“Show Up, Look Good is a rollicking, laugh-out-loud romp of a novel, a picaresque spin through fin-de-siecle New York as seen through the eyes of its intrepid, Midwestern-born heroine. Love, loneliness, roommates from hell, hipsters, the mob, and murder all play starring roles in this delightful book, and Wisniewski does justice to them all.” —Ben Fountain, author of BriefEncounters with Che Guevara.
Milwaukee native Mark Wisniewski is the author of the novel Confessions of a Polish Used Car Salesman, the story collection All Weekend with the Lights On, and a book of poems, One of Us One Night. His fiction has appeared in magazines such as Virginia Quarterly Review and the Antioch Review.
I usually think that top 5 is plenty of books to report on a bestseller list blog, but I feel like my posts for the last few days have been spotty, so adding more titles seems somehow more meaty.
1. Habibi, by Craig Thompson
2. The Marriage Plot, by Jeffrey Eugenides
3. The Sense of an Ending, by Julian Barnes
4. Blankets, by Craig Thompson
5. 11-22-63, by Stephen King
6. The Litigators, by John Grisham
7. V is for Vengeance, by Sue Grafton
8. The Art of Fielding, by Chad Harbach
9. 1Q84, by Haruki Murakami
10. The Conference of the Birds, by Peter Sís
It's tough to categorize the new book by Peter Sís, who here has illustrated an epic Sufi poem. In the end, even though we had it in a nonfiction category, I tend to put poetry in with fiction, and really, it doesn't even matter. Coincidentally Thompson's Habibi also touches on Sufi themes.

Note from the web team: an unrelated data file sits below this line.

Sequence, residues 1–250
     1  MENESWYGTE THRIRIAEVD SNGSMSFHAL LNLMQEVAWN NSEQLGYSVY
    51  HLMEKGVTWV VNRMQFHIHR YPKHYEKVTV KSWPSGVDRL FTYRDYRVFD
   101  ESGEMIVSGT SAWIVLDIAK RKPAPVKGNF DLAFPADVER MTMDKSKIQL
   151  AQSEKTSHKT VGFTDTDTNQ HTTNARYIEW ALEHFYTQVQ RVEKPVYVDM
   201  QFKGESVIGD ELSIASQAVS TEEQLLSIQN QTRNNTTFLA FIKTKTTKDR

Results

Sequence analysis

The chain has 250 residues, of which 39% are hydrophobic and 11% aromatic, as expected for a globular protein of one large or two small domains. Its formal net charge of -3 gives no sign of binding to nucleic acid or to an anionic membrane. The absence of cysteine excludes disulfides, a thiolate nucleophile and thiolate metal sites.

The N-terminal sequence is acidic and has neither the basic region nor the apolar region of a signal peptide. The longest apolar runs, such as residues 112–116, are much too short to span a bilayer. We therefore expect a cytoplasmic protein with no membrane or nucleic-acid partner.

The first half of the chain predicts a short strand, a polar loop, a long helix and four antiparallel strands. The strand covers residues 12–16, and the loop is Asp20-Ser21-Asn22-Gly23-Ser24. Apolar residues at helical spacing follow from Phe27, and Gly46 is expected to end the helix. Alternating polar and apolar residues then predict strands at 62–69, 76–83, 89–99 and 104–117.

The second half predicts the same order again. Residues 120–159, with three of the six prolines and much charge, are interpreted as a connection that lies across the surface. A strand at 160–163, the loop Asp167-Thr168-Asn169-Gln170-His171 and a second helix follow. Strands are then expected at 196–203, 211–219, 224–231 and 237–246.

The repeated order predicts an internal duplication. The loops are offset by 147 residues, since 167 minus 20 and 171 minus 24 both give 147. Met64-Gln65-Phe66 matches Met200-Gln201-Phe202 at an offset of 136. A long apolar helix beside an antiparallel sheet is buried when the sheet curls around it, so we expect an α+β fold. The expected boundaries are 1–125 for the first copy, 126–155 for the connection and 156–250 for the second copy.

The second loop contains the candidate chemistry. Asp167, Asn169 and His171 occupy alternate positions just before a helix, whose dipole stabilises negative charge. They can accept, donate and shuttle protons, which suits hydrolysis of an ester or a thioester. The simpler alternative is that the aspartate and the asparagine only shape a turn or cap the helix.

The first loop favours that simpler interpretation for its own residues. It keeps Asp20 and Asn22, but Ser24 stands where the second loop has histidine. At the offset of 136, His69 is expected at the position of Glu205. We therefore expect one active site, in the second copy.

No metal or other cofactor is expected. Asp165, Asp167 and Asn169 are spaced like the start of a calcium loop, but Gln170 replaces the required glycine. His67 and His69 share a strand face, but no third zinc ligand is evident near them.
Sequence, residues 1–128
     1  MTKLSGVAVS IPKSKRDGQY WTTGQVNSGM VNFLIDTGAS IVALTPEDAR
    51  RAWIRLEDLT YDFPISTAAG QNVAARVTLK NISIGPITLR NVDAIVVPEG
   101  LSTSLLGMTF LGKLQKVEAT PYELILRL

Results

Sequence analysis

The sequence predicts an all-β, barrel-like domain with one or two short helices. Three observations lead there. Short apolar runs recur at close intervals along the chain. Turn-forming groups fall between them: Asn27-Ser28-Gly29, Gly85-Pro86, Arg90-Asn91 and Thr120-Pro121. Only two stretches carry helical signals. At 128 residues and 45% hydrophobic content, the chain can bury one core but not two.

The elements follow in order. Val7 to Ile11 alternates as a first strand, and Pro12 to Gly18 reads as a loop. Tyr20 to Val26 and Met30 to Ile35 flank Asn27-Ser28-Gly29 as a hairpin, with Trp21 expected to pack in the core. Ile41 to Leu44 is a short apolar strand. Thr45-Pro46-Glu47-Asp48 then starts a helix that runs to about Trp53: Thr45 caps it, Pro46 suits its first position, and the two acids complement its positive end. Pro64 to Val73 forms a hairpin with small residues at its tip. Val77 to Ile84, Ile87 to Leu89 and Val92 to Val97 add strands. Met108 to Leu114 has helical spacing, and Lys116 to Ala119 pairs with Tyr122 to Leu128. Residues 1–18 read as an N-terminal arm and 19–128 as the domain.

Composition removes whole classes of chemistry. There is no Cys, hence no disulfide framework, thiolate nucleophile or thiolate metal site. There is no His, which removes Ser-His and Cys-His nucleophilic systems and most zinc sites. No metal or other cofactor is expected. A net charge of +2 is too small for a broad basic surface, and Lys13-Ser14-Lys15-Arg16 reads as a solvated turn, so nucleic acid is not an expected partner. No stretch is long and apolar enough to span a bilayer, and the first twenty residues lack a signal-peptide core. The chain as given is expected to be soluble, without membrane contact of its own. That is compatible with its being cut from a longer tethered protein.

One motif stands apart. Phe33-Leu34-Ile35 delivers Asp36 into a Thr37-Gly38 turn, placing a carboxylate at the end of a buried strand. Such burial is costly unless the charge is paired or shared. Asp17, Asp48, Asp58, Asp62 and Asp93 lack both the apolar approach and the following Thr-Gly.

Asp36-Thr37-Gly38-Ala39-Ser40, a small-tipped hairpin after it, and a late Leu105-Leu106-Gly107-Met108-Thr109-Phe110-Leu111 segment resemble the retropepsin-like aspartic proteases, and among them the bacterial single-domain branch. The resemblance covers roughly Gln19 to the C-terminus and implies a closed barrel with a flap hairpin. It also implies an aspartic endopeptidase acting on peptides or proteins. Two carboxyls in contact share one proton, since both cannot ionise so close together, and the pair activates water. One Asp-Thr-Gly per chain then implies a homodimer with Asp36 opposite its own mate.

1. The Oxford Companion to Beer, by Garrett Oliver
2. Steve Jobs, by Walter Isaacson
3. Inferno: The World at War, 1939-1945, by Max Hastings
4. And So it Goes: Kurt Vonnegut, by Charles J. Shields
5. Thinking Fast and Slow, by Daniel Kahneman
6. Little History of the World: Illustrated Edition, by E. H. Gombrich
7. Desiny of the Republic, by Candice Millard
8. A Train in Winter: An Extraordinary Story of Women, Friendship, and Resistance in Occupied France, by Caroline Moorehead
9. Jack Kennedy: Elusive Hero, by Chris Matthews
10. In the Garden of Beasts, by Erik Larson
History and biography dominate the list this week. I was reading more about Caroline Moorehead's depiction about the French resistance to the Nazis in France, and noticed that not only did we sell out, but so did Ingram for restocking. It was probably this NPR piece that popped our sales.
1. Blankets, by Craig Thompson
2. The Tiger's Wife, by Téa Obreht
3. Bill Warrington's Last Chance, by James King
4. The All of It, by Jeannette Haien
5. The Postmistress, by Sarah Blake
6. The Last Days of Ptolemy Grey, by Walter Mosley
7. An Uncertain Place, by Fred Vargas
8. God of the Hive, by Laurie King
9. Luka and the Fires of Life, by Salman Rushdie
10. The Tower, the Zoo and the Tortoise, by Julia Stuart
Seconds after I sent my fall-winter book club brochure to the printer, I remembered that I forgot to include The Tower The Zoo and The Tortoise. I made up for it by talking about it several times over the next few days.
1. The First America's Team, by Bob Berghaus
2. Gudrun's Kitchen, by Ingeborg Baugh and Irene Sandvold
3. Cleopatra, by Stacy Schiff
4. Listening for the Heartbeat of God, by Philip Newell
5. At Home, by Bill Bryson
6. The Warmth of Other Suns, by Isabel Wilkerson
7. The Hare with Amber Eyes, by Edmund de Waal
8. Paris Without End, by Gioia Diliberto
9. Just Like Someone Without Mental Illness, Only Moreso, by Mark Vonnegut
10. You Had me at Woof, by Julie Klam
Dog books are no stranger to our bestseller lists. Klam's canine-friendly memoir was the focus of this profile in the New York Times upon hardcover publication. I don't think this was a media pop for us, but just a cute little dog staring at customers on the front table.